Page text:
Wilde’s Struggle Has Echoes in Some Countries Today, Says “Happy Prince” Director Everett

68th Berlin International Film Festival Berlinale
Director,actor and screenwriter Rupert Everett poses during a photocall to promote the movie The Happy Prince at the 68th Berlinale International Film Festival in Berlin, Germany, February 17, 2018. REUTERS/Axel Schmidt

BERLIN (Reuters)

British actor Rupert Everett said his Berlinale entry about the exile of Irish playwright Oscar Wilde in the 1890s was an expression of homosexuals’ tragedy which is still present in some parts of the world today

The Happy Prince“, written and directed by Everett, is a biography of Wilde’s exile in Paris after he was convicted of gross indecency in 1895 for having sex with a man during a Victorian clampdown on homosexuality.

Everett, who also plays the leading role, said Wilde’s story illustrates the struggle of people turned into outcasts for their sexuality that was still happening in some countries such as Russia, Uganda and India.



“The slow motion assassination of Oscar Wilde from the moment he went to prison to the moment he died is a story that possibly goes on in some parts of the world, still,” Everett told Reuters TV.

In the “Happy Prince“, Wilde – the most popular playwright in London in his time – remembers his old life, plays, fame and family, before being imprisoned for two years of labor.

Once released, humiliated and sick, the film tracks Wilde’s move to Paris, from where he never returned to Britain.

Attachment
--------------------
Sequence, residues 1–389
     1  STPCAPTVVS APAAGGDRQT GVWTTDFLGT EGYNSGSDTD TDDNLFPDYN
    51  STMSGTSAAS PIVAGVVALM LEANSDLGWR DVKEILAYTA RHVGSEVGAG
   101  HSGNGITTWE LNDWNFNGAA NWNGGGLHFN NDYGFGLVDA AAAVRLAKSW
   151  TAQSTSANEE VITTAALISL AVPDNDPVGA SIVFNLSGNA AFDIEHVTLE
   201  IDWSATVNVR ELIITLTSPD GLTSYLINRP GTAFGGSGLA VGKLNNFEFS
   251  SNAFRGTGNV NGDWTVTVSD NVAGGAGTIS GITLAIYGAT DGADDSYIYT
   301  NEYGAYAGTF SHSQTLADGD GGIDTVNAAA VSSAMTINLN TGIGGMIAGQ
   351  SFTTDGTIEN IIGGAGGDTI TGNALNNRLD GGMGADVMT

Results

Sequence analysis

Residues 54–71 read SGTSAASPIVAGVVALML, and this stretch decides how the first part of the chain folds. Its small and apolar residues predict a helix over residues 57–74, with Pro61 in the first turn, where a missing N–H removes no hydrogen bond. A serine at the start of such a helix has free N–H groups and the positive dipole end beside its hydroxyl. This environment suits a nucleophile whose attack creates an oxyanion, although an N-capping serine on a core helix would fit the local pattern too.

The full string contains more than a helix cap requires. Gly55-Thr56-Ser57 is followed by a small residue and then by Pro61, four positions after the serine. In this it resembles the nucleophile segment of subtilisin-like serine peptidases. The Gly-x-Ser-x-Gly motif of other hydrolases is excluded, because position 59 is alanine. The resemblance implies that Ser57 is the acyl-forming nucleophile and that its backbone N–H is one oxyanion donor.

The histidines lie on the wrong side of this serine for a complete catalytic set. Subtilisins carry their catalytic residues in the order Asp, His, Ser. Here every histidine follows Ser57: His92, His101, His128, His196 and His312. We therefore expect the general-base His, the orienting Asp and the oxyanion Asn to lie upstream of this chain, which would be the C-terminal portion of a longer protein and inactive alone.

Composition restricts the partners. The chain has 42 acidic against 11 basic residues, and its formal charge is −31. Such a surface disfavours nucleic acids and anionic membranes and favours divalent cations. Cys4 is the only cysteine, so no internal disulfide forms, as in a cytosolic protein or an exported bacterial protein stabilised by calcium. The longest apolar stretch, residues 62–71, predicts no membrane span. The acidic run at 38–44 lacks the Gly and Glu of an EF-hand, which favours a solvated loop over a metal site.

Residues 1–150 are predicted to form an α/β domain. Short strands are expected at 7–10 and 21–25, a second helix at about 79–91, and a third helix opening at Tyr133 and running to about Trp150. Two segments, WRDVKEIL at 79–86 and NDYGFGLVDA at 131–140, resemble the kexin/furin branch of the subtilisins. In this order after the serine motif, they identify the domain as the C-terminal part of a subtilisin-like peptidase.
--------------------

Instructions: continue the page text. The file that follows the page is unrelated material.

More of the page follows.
Prison and exile could not stop Wilde’s free spirit. He resumes his destructive affair with the flamboyant young Lord Douglas, who eventually abandons him

Only a few devoted friends stay with Wilde when his sickness prevents him from producing any more work. He dies penniless, away from his children, but not alone.

Homosexual acts were not decriminalized in England until 1967. In 2017, thousands of gay and bisexual men who were convicted of crimes under former sexual offence laws, including Wilde, were pardoned.



“It’s a typical example of English grandeur that it is using the wrong word because ‘pardoned’ is not what’s necessary, ‘apology’ is really necessary,” Everett said.

However, Everett believed his film showed how far some countries have come in accepting lesbian, gay, bisexual, transgender and queer (LGBTQ) people in such a short time.

“It’s a story that could give us a certain elation that we made such a journey from 100 years until now, where we have such freedoms,” he added.


(Reporting by Riham Alkousaa; Editing by Adrian Croft)